If you've had WordPress hosting for any length of time, it's likely you've ran across the Inode Limit inside your cPanel:

Sometimes this can be alarming to newcomers who don't understand what it is.

An inode is a data structure in a Unix-style file system that describes a filesystem object such as a file or a directory. Each inode stores the attributes and disk block location(s) of the object’s data. Filesystem object attributes may include metadata (times of last change, access, modification), as well as owner and permission data.  Directories are lists of names assigned to inodes. A directory contains an entry for itself, its parent, and each of its children.

Look At Inodes Like Individual Files

So basically, 1 file (such as a PHP page, email, image, etc.) is equal to 1 Inode.

If you notice, all of our WordPress hosting packages offer unlimited disk usage, but contain a limit on the number of Inodes per account:
You'll notice when you hover over the information icon beside disk usage it shows two Inode limits; the first is the soft, the second is the hard.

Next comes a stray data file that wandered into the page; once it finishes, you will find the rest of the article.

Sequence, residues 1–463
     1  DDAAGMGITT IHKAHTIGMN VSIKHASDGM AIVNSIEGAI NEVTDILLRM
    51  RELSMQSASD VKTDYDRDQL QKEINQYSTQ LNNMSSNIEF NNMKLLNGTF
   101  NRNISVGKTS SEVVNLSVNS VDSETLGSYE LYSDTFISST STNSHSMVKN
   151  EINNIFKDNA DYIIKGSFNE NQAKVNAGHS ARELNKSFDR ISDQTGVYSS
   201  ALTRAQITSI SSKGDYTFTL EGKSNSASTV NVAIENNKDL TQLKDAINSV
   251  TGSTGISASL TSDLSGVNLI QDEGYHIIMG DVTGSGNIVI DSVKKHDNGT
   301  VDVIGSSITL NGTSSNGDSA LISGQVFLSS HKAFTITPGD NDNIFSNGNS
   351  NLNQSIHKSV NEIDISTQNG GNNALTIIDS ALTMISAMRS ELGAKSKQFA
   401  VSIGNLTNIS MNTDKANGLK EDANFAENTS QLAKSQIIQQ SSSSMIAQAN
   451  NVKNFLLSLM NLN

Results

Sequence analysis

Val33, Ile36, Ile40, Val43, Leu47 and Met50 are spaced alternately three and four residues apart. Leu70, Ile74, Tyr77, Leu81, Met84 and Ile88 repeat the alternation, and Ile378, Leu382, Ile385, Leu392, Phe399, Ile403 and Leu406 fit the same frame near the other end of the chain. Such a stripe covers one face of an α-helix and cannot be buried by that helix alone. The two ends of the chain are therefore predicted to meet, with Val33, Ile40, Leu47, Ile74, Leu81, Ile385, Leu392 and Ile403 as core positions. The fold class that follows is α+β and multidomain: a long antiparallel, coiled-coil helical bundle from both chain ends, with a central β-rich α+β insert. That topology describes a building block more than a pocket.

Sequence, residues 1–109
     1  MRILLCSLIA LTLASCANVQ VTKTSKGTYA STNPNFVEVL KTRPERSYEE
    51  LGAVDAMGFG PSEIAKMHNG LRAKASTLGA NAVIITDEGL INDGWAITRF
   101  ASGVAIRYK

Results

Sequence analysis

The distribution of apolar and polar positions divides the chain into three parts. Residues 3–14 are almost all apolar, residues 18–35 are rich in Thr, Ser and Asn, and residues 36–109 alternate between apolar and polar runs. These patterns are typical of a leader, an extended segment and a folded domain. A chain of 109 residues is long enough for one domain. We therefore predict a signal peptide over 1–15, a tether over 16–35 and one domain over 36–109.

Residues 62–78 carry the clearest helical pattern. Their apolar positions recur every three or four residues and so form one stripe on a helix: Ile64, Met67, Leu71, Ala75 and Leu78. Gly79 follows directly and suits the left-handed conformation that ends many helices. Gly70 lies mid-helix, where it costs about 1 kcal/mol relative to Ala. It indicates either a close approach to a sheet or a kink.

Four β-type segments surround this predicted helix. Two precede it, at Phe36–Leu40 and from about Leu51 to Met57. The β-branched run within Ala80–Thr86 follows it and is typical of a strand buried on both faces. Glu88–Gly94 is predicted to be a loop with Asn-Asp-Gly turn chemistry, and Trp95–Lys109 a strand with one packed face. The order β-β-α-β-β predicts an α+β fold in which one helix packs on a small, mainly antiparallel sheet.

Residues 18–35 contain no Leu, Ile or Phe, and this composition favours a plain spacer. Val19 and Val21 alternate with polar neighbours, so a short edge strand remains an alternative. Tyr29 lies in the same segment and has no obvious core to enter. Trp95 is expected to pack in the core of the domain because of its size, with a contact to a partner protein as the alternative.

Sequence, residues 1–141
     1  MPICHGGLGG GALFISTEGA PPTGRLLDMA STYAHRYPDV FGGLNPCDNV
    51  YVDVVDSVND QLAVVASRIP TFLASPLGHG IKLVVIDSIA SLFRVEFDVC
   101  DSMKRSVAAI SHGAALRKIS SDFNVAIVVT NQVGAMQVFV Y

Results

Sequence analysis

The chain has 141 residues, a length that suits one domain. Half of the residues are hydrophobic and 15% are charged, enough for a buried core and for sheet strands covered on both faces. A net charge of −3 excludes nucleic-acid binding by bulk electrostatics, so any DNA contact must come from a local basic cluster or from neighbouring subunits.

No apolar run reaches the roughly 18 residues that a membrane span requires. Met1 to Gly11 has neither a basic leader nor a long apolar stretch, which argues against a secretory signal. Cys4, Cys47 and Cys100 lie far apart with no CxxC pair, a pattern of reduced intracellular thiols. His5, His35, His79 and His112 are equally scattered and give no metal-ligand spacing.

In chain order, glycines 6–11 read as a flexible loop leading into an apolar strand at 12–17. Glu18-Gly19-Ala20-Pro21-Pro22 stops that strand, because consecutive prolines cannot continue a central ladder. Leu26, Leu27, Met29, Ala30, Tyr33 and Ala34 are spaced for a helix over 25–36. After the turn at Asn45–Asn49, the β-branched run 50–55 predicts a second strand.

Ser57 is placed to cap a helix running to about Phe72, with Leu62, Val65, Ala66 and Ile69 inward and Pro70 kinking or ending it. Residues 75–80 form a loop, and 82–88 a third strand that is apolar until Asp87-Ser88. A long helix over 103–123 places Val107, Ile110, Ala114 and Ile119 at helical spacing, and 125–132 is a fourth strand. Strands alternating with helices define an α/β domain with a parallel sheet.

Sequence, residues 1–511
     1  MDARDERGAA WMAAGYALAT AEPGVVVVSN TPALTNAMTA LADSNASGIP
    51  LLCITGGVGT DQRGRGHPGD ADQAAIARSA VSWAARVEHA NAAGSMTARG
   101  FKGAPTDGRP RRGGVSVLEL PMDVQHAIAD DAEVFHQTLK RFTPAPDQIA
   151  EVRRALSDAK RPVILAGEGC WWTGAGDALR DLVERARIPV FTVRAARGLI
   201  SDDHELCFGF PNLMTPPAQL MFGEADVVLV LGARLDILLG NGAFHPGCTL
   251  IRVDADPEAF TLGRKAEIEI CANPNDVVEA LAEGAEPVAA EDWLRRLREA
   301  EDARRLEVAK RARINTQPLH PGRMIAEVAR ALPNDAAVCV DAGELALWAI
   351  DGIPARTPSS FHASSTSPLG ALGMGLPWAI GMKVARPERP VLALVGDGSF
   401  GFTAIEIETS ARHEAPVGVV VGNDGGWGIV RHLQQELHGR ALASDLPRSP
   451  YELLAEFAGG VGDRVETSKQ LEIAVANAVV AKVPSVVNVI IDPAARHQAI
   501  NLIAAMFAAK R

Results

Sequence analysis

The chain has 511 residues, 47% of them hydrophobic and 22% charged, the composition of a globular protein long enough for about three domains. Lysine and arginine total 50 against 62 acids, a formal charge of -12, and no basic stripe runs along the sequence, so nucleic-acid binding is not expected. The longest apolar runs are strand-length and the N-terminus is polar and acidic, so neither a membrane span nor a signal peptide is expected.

An example is the Starter package: 250,000 Inode limit.

What Uses The Most Inodes?

Nine times out of ten when a user runs into these limits it's because they're not regularly clearing their email inboxes or they're trying to host too many websites in one cPanel.

Spam folders for example can quickly fill-up with a lot of junk.  Inside of cPanel you can actually set these to automatically delete after 30 days.

You'll also notice two of the packages above have limits on the number of websites you can host in each account with the other two being unlimited.

How Many Inodes Does My WordPress Website Use

On average, a WordPress website with around 20+ pages of content uses around 15,000 - 20,000 Inodes, hence very well within the limit.

The majority of our customers never run into an issue, and if they do, it's for one of the reasons mentioned above.

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